Saturday, May 1, 2010
The canyon was ... well, grand
"You came all the way from Maine on a 650?"
That's an increasingly common comment now that the adventure has nearly reached the West Coast.
Thursday morning, after three days enjoying Lana Hock's luxurious Scottsdale condo while writing and editing the monthly newsletter I do for the Hawaii Alliance of Nonprofit Organizations, the KLR's clutch cable was restored and I was ready to move on. I decided I'd head for Flagstaff and then, on Friday, the Grand Canyon.
Lana caught me putting a foot into my packing.
Her Suzuki won't be going to Nebraska this year.
The Phoenix area is surrounded by beautiful scenery and fun mountain roads, but getting out of town is a challenge. Eventually, you make your way through the stop-and-go boulevards wending through gated communities and golf courses to the 101 Loop, which takes you to US 60. You've climbed 1,000 feet by the time you turn on AZ 89 toward Prescott. The next 50 miles takes you higher and higher -- 3,300 feet higher, in fact -- on a wonderfully alpine road.
I stopped at a cycle shop in Prescott, which bills itself as "mile high." My excuse was I was looking for a couple of quarts of 10W40 synthetic for an upcoming oil change, but the real reason was I needed to warm up and put on another layer.
The shop sold sleek Moto Guzzis. "There's more stuff in the back, if you want to take a look," offered the owner. About a third of the large garage was filled with vintage Guzzis, some with shiny polished aluminum tanks, a couple of cafe racers and one or two track bikes. It was Jim Niermann's version of paradise.
"Are you collecting Guzzi's or do they just follow you home?" I asked.
"Mostly, they just follow me home," he said.
There had been a few snow flurries on my way into town. "Is Flagstaff as high as Prescott?" I asked.
"Higher," he said. "About 7,000 feet."
"How' bout the Grand Canyon?"
"The same. About 7,000."
"Geez," I said. "I was really happy back in Scottsdale when it was in the 90s and I saw the weather was going to be cooler the rest of the week."
"Be careful what you wish for," he said.
Humphrey's Peak, outside Flagstaff, is the highest point in Arizona at 12,633 feet.
I originally planned a route through Sedona, but leaving Prescott, I could see cold, dark clouds moving in from the northwest and opted for I-17 and hoping I could make it the 93 miles to Flagstaff before they caught up with me.
The flurries turned into a steady snowfall. I tucked in behind a semi hauling a load of rebar at 45 mph and held on tight. Although the snow thoroughly coated me and the front of the bike, the roads remained clear with no accumulation. About five miles from Flagstaff, the skies cleared and there was snow-capped Humphrey's Peak rising above a colony of snug-looking motels at the junction of I-17 and I-40.
Next morning, all the snow still hadn't melted off the KLR.
Friday morning brought partly cloudy skies, but no threat of snow. It was still cold, with ice on the ponds and puddles, but the wind was manageable and I high-tailed it down I-40 toward the 50-mile turn-off that runs north to the South Rim of the Grand Canyon.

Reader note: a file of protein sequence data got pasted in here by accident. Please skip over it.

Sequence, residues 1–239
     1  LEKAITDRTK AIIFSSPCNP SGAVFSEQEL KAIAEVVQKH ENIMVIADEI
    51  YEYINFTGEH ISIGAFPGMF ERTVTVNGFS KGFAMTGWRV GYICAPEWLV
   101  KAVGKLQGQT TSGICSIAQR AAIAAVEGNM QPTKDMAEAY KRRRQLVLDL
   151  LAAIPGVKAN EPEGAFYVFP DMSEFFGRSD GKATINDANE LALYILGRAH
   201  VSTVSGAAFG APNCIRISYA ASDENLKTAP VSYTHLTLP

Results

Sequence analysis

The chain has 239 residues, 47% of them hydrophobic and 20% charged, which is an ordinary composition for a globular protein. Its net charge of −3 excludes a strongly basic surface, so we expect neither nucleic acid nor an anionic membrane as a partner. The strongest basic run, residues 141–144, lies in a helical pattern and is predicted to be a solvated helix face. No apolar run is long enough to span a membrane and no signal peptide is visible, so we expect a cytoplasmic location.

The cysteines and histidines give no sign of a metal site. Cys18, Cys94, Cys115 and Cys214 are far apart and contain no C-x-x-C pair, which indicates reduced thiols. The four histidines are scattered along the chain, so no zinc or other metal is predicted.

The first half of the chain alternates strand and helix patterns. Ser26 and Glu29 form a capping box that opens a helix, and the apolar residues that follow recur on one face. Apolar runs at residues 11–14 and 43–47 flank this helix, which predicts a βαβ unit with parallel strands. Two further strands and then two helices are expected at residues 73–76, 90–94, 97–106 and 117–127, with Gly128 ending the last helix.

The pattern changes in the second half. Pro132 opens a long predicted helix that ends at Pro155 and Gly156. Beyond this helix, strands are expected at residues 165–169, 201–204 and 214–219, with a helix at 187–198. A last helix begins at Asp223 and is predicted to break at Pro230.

The National Park Service has the area around the visitors' center all torn up, building new roads and paved paths, so visitors had to find their way down detours fenced off with orange plastic netting. There was no sign of any canyon until, without warning, I found myself right on the rim.
Holy cow! That's one big hole in the ground.
My first view of the Grand Canyon -- it seemed almost bottomless.
I asked someone to take my picture just to prove I made it.
At the time, the cloudy weather did nothing to diminish the power of the spectacle, although later when I was selecting photos for the blog I wished there had been more sun to bring out the color.
It's hard to capture the breath-taking enormity of the canyon in pictures.
They say remarkably few people fall off the edge. Those that do don't survive.
I'm no Ansel Adams, but you don't need to be to make fantastic images at the Grand Canyon. As they say: "F/8 and be there."
After a stop in the Grand Canyon Village deli for a sandwich and to warm up, I headed back down the 50-mile stretch back to I-40 and turned the KLR west toward California. The trip, I decided, was going to be transcontinental. Having had a taste of snow in the mountains, I'd give Colorado's Rockies a chance to warm up a bit before heading back east to Nebraska.
I-40 follows the path of the old US 66, sections of which are bypassed and now marked with "Historic Route 66" signs, in part to bring tourists into the little towns that once relied on California-bound traffic for revenue. I rode the piece from Exit 139 to Seligman, enjoying a break from the trucks roaring west on the Interstate. The kicks you get on Route 66 are different these days.
Sections of old US 66 remain after I-40 absorbed most of the right-of-way and traffic.
At Kingman, Ariz. the elevation had dropped to a balmy 3,340 feet and I had to make a decision. It was about 6 p.m. I could take US 93, cross the Boulder Dam in the dark and arrive at Las Vegas around 9, or I could stay on I-40 and stop at Needles, Calif. in about an hour.
Having decided to go transcontinental, I chose Needles and continued across the Mojave desert, squinting into the sunset and thinking about a run from L.A. up the Pacific Coast Highway -- the legendary Highway 1 -- to the Bay Area.
The states I've motorcycled so far. I had my first motorcycle in Colorado back in 1965.